Sophie Paul is among the hundreds of students who graduated from the College of Engineering this spring. In addition to earning a bachelor’s degree in materials science and engineering, she was one of the first students to also have completed the additional major in Engineering and Arts.
The St. Louis, Missouri native has long been into art. She’s been making pottery for 10 years. So, when a professor in a first-year sculpture course told her about the additional major, she decided to pursue it.
“I was already pretty creative, and the Engineering and Arts additional major seemed like a great way to fill my general education requirements,” said Paul.
As a materials science and engineering major, she found many ways to incorporate the science with the art. In her capstone course, she created 3D printed pop-up textiles for modular interlocking wearable fashion.
She had to study materials research papers, as well as art blogs, to develop the novel approach she came up with: 3D printing filament onto stretch jersey fabric. The process involved a lot of trial and error. She had to study and test the properties of the filaments to prevent warping and get the fabrics to pop up in just the right way.
It’s pretty frustrating when it doesn’t work. There’s a lot of trouble shooting when you work with materials. But it’s so rewarding when you finally get it right.Sophie Paul, Engineering and Arts graduate, Carnegie Mellon University
“It’s pretty frustrating when it doesn’t work. There’s a lot of trouble-shooting working with materials. But it’s so rewarding when you finally get it right,” said Paul.
Such hands-on experimentation not only deepened her understanding of the kirigami, or self-folding, cut origami craft she was learning, but the process was also very relevant to learning the chemistry and geometry used in materials science.
Findings from her honors thesis will be submitted at an upcoming human computer interaction conference. She applied kirigami methods of cutting and folding paper to design shutters that use sensors to automatically open and retract efficiently and conserve energy. She completed the research under the direction of Lining Yao in the Morphing Matter lab.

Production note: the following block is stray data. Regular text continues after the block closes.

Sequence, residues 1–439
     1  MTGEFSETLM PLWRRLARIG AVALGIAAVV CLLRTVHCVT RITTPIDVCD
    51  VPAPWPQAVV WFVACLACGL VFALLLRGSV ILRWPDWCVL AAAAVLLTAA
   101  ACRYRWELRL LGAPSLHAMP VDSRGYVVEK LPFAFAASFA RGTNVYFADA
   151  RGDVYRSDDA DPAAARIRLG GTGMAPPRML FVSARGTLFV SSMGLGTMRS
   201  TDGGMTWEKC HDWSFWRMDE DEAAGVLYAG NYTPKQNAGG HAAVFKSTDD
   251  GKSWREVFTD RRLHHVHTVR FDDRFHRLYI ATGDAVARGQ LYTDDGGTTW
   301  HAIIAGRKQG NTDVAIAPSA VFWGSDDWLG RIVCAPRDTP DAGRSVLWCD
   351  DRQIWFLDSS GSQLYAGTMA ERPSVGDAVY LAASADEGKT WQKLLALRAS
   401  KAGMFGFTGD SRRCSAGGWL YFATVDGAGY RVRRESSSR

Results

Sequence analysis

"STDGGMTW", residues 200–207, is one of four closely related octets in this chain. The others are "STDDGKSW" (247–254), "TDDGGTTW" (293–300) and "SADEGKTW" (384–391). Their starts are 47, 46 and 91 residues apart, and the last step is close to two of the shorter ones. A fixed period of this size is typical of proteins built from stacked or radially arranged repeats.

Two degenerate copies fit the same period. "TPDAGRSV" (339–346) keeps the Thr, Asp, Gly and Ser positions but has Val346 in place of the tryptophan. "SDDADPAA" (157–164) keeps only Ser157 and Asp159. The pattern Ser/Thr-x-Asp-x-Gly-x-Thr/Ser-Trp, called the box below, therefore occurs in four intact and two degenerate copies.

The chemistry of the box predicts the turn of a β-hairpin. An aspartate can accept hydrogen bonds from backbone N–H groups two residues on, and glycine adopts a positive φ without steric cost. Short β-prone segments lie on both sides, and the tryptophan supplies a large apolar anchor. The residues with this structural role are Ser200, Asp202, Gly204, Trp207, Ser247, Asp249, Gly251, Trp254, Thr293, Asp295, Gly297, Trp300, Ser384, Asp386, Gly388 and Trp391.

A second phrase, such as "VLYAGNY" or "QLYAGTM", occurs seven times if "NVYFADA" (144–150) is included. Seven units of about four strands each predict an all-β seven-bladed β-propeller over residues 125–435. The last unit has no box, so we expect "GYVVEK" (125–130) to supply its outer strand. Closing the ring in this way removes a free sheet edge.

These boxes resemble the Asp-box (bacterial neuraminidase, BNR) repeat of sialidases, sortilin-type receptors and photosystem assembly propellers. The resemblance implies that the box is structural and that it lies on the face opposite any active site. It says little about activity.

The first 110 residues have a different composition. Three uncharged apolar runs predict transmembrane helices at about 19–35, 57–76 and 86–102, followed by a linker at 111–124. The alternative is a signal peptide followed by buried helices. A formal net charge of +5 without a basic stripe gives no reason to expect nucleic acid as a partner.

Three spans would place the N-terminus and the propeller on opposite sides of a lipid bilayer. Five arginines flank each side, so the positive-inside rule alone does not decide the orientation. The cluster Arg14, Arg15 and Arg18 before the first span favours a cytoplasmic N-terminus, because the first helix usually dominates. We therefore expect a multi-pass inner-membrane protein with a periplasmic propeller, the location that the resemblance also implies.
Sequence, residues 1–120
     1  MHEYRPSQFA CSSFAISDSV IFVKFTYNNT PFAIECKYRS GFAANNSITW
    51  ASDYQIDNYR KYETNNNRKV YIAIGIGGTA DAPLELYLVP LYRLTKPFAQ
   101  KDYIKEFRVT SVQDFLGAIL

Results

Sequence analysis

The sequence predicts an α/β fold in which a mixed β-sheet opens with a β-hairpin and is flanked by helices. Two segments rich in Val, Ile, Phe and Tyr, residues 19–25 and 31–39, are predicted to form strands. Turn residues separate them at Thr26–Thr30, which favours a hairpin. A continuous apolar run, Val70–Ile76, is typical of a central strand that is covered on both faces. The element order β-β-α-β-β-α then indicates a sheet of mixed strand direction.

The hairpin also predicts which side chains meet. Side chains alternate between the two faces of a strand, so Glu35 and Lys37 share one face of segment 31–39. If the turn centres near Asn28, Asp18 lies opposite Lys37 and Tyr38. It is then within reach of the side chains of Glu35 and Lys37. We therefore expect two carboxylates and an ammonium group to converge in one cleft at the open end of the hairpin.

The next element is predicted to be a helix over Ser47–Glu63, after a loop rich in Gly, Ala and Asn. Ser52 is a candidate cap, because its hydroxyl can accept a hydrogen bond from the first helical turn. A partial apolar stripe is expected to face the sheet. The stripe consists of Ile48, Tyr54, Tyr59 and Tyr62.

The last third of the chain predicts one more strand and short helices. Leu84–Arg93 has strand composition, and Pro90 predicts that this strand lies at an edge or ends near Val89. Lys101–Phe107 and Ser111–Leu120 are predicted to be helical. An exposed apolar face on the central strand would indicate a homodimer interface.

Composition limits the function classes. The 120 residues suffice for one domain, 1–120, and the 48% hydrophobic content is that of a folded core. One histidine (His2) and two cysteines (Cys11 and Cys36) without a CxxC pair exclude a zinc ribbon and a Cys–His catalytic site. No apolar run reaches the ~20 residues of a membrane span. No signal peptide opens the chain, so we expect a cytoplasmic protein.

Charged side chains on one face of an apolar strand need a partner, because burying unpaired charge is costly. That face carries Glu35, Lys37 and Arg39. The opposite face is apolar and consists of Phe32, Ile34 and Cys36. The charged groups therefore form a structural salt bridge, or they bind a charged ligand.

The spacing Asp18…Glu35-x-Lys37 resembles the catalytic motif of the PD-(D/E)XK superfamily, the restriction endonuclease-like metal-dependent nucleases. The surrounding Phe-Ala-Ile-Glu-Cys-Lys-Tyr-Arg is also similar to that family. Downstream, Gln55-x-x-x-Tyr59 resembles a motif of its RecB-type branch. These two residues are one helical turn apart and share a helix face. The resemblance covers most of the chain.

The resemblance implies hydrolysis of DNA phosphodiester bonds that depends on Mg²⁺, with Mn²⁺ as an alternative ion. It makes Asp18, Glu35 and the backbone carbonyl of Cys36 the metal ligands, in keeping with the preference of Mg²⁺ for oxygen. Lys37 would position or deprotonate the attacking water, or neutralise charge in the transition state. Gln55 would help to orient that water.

The intersection of disciplines, innovation, and curiosity is exactly the type of learning and discovery the BXA Intercollege Degree programs sought to create when it was developed in 2018. The BXA programs also combine arts curriculum with humanities, science, and computer science. Students, like Paul, whose primary major is in engineering, choose their arts concentration from the College of Fine Arts’ Schools of Architecture, Art, Drama, or Music.
Paul says that she relied upon the additional support she got from academic advisors who served as liaisons between CFA and engineering. In addition to her primary advisor in the College of Engineering, she had a CFA academic advisor to guide her focus in the arts.
“They really helped me with the scheduling challenges. Other than two art history courses, all of my other arts requirements were three-hour long studio courses that were sometimes hard to coordinate with my engineering courses,” explained Paul.
She says the extra effort to pursue the additional major was a good investment that will serve her well when she enters the University of California at Santa Barbara in the fall to pursue a mechanical engineering Ph.D. in soft materials.
Pictured, top: Sophia Paul’s 3D printed pop up textiles for modular interlocking wearable fashion was displayed at the All for Love: CMU Senior Art 2022 exhibit, where visitors were invited to “please touch” the modular fabric creations.